On June 28th, the Supreme Court agreed to hear arguments in a case about whether Austin, Texas’s digital billboard policy violates the First Amendment.
In 2017, Reagan National Advertising sued the city of Austin in state district court over a rule that prohibits billboards from being digitized if they appear anywhere other than a business’s property. The ordinance was designed to preserve the city’s skyline and to prevent drivers from being distracted by digital signages.
The district court held a bench trial, and the judge ruled against the advertising agency, saying that city’s policy was a content-neutral restriction.
Reagan appealed, and the case was moved to federal court. In August of 2020, the Fifth U.S. Circuit of Appeals ruled that Austin’s ordinance’s distinction between on and off-premises signs is a content-based restriction and thus violates the First Amendment.
Writing for the majority, Fifth Circuit Judge Jennifer Elrod cited the Supreme Court’s ruling in Reed v. Town of Gilbert, which held that the ordinance in question was content-based.
“To determine whether a sign is ‘off-premises’ and therefore unable to be digitized, government officials must read it. This is an ‘obvious content-based inquiry’ and it ‘does not evade strict scrutiny’ simply because location is involved,” Elrod wrote.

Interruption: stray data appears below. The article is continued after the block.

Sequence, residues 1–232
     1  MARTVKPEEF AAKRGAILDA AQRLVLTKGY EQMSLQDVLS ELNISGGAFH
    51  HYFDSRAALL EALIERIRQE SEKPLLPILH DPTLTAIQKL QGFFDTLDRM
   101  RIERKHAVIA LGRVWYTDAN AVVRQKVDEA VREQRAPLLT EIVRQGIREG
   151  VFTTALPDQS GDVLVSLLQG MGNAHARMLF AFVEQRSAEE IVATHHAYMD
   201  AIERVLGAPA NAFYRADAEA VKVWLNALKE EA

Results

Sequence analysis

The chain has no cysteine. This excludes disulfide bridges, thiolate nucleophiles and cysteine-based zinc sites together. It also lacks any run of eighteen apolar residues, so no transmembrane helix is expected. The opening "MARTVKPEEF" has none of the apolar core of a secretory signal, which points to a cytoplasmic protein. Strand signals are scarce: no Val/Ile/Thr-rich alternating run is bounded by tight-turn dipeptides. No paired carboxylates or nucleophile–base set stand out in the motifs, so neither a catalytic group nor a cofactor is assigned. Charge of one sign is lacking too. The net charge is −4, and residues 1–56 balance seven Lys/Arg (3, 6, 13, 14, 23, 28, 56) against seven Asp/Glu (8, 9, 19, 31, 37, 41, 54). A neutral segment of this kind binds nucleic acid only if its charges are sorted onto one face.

In its petition to the High Court, Renea Hick, the attorney for the city, said that the Fifth Circuit had overreached on its interpretation of Reed.
“Reed does not establish a First Amendment principle that the mere act of having to read the words on a sign to decide the sign’s place in a local regulatory scheme makes the scheme ‘content-based’. Reed takes care to avoid adopting such an extreme principle,” Hick wrote.
She further noted that the Austin ordinance over on and off-premise digital billboards has nothing to do with the content of the advertisement.
“The only thing that matters in what the sign says is whether it is being said in reference to a different location than the sign’s location. The sign’s ‘communicative content’ – urging support for a worthy cause, plumping for one air conditioning service or another, touting the health benefits of a herbal supplement – is irrelevant to the regulatory distinction drawn in Austin’s code,” the petition states.